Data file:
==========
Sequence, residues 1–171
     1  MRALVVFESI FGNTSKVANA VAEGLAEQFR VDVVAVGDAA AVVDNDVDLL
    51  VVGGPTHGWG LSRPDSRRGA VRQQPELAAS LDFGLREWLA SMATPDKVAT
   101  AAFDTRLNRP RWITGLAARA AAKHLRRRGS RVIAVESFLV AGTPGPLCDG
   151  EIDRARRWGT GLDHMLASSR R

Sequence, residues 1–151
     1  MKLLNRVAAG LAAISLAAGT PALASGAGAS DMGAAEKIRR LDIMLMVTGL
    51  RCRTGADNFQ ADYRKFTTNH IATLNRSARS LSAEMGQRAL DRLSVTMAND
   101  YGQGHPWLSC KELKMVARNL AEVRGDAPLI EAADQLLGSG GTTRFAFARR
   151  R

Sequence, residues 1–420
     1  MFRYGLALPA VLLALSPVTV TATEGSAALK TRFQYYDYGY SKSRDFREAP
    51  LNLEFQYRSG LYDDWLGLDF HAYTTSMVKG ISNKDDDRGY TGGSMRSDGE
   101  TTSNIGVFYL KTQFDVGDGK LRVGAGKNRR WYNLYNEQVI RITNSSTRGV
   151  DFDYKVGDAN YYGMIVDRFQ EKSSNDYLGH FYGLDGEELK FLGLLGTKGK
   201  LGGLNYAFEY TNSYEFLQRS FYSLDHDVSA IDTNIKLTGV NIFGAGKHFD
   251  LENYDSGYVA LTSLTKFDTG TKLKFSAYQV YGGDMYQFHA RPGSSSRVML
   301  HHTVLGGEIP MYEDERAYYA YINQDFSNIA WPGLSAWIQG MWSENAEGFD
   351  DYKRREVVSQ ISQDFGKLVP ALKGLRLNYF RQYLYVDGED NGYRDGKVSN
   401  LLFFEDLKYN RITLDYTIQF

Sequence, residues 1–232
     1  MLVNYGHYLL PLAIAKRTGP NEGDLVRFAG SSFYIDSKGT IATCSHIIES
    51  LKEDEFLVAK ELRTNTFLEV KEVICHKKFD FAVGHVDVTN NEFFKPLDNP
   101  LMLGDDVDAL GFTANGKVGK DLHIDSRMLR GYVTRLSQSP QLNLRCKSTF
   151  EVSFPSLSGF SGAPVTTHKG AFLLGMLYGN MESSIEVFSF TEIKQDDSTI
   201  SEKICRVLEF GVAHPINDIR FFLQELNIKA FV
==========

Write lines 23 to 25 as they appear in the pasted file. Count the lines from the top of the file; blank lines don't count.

    51  LKEDEFLVAK ELRTNTFLEV KEVICHKKFD FAVGHVDVTN NEFFKPLDNP
   101  LMLGDDVDAL GFTANGKVGK DLHIDSRMLR GYVTRLSQSP QLNLRCKSTF
   151  EVSFPSLSGF SGAPVTTHKG AFLLGMLYGN MESSIEVFSF TEIKQDDSTI